Adabas offers more than a legacy

Adabas databases continue to develop after 33 years

Adabas databases continue to develop after 33 years.

What is it?
After 33 years on the market, Adabas tends to be viewed as a legacy database. But although there is a large base of old, reliable Adabas applications in use, Software AG (SAG) has kept near the forefront of database development with XML and web services, for example.

Believing the writing to be on the wall for its database products, in the late 1990s SAG attempted to turn itself into a middleware company with products such as EntireX. But demand for Adabas and the related Natural development language continued, with a surge around 2000. SAG has ported all its products to Linux and Adabas D is the database part of Sun's Staroffice.

Where did it originate?
SAG was founded in Germany in 1969, Adabas launched in 1971 and Natural in 1979. SAG has partnered other suppliers, including IBM and Microsoft, making Microsoft's Com object technology available on mainframes, for example.

What is it for?
Adabas began life as a mainframe database and SAG maintains a close relationship with IBM on mainframe developments with a recent joint project to implement Adabas on the new 64-bit Shared Virtual Storage technology for the eServer zSeries mainframe.

As this suggests, Adabas is used in robust 24x7 enterprise database applications. The availability of Adabas implementations for most operating systems, combined with the the EntireX integration software, makes Adabas particularly suitable for applications involving mixed platforms.

Natural, surely the last development environment still to be described as a fourth generation language, is used for developing and deploying applications on mainframes, Windows, Unix, Linux and Open VMS.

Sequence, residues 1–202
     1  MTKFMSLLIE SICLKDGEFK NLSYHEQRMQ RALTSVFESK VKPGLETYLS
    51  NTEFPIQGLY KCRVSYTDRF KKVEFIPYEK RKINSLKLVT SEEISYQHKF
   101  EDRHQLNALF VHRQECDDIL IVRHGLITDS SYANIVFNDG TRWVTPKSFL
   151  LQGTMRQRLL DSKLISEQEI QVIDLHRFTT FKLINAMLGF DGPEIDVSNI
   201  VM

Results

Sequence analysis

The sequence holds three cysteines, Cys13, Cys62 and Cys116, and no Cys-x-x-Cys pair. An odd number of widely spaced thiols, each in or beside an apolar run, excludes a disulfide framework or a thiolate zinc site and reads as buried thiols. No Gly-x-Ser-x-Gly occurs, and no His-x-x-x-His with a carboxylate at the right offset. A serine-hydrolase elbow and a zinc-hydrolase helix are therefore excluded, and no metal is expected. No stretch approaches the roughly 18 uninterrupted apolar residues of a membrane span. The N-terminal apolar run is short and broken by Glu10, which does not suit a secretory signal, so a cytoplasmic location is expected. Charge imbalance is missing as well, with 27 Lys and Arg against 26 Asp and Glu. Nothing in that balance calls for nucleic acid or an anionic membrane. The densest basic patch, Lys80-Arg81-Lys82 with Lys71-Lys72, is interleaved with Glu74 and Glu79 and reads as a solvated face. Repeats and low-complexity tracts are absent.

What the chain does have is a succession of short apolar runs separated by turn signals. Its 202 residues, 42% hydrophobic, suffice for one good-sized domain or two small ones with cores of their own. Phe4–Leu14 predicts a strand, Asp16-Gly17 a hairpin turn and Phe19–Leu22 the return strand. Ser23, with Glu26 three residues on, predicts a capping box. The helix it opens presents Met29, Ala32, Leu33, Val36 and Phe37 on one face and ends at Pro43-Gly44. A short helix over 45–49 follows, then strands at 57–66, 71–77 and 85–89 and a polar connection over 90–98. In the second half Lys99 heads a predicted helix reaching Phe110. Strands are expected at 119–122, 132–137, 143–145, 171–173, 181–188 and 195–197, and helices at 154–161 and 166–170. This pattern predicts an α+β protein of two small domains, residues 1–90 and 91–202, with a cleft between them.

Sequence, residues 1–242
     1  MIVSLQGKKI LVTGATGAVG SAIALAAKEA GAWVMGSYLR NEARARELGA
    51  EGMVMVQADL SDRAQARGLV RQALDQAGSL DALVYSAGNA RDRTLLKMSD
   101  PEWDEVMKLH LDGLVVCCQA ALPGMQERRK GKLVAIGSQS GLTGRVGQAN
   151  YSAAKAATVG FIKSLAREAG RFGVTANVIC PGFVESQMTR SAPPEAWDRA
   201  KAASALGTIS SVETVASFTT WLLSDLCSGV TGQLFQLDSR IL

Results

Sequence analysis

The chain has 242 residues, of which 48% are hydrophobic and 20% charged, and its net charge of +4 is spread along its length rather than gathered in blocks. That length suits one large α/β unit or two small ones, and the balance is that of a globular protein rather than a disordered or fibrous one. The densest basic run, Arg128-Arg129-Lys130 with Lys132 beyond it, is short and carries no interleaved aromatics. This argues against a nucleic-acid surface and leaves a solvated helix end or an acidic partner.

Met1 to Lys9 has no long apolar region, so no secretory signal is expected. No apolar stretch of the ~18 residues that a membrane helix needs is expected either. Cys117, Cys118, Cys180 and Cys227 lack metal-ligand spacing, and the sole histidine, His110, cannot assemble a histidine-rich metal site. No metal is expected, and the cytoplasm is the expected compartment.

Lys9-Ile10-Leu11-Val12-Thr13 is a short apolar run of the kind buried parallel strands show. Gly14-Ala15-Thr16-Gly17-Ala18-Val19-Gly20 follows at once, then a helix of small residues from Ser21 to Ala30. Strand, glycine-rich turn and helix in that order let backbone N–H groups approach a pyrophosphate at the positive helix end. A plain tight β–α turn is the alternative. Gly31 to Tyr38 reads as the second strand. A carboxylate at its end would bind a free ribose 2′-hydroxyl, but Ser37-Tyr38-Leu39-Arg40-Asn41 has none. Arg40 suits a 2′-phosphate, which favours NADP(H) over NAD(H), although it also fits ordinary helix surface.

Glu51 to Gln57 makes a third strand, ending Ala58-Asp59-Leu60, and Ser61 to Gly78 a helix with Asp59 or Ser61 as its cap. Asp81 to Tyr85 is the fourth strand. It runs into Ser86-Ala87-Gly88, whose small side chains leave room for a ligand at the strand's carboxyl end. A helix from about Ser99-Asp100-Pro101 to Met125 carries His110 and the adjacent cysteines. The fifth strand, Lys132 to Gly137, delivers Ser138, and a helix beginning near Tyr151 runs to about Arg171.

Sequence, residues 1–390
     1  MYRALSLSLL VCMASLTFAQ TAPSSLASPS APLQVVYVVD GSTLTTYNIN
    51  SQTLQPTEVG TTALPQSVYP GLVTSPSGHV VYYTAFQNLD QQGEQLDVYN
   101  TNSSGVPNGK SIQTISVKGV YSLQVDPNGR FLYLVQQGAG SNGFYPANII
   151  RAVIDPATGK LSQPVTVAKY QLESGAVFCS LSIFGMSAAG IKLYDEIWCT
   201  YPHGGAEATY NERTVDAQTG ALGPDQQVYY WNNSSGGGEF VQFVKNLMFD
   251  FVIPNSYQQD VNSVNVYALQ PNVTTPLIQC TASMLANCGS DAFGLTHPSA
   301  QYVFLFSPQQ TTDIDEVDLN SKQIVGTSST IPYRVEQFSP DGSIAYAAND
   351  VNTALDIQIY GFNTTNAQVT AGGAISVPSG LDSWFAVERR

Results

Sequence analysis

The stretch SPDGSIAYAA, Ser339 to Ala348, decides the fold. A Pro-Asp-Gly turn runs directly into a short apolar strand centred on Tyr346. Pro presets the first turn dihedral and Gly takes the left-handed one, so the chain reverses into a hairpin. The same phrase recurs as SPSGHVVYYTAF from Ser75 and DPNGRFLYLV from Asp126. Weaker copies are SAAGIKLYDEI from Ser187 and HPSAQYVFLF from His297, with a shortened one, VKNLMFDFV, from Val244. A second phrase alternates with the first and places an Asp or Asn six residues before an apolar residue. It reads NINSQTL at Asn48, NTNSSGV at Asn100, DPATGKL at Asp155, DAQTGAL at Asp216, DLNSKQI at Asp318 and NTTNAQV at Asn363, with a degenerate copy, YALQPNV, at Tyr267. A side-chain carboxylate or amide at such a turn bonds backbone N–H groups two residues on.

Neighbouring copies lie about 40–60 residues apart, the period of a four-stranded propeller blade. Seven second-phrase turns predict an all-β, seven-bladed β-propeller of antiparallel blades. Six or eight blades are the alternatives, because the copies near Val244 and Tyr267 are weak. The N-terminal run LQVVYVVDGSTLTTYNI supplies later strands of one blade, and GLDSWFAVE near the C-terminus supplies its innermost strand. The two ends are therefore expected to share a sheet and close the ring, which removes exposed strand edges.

What makes it special?
Although Adabas has a limited number of customers, they tend to rely heavily on their applications, which are unlikely to be replaced in the long term unless users abandon their mainframes.

Alongside legacy and maintenance work, Adabas people get the opportunity to work with leading-edge XML and web services developments.

Version 6 of Natural allows programmers to develop and maintain programs running on Unix and mainframes from a Windows user interface, a feature known as Single Point of Development.

How difficult is it to master?
Completing a course of Adabas training for either development or database administration involves about 10 days of courses at £350-£400 a day.

Where is it used?
SAG has more than 3,000 customers, most of them using large, mission-critical systems. They include Marks & Spencer's Financial Services, Prudential, BT, BP, Comet, JP Morgan Chase and a variety of local authorities. SAG is strong in Germany and in Central and Eastern Europe.

Not many people know that
The former SAP database SAP-DB, now offered by MySQL as MaxDB, was based on Adabas-D.

What systems does it run on?
Most current operating systems, including Windows 2000, XP, Server 2003, Sun Solaris, Hewlett-Packard HP-UX, IBM AIX, Suse Linux (Intel and S/390) and Red Hat Linux.

What is coming up?
Web Services, using SAG's Tamino XML server.

Courses take place at SAG's UK training centre in Derby.

Rates of pay
Analyst/programmers can expect £20,000 to £35,000. Salaries are highest for those with other mainframe skills and for people working in the finance sector.

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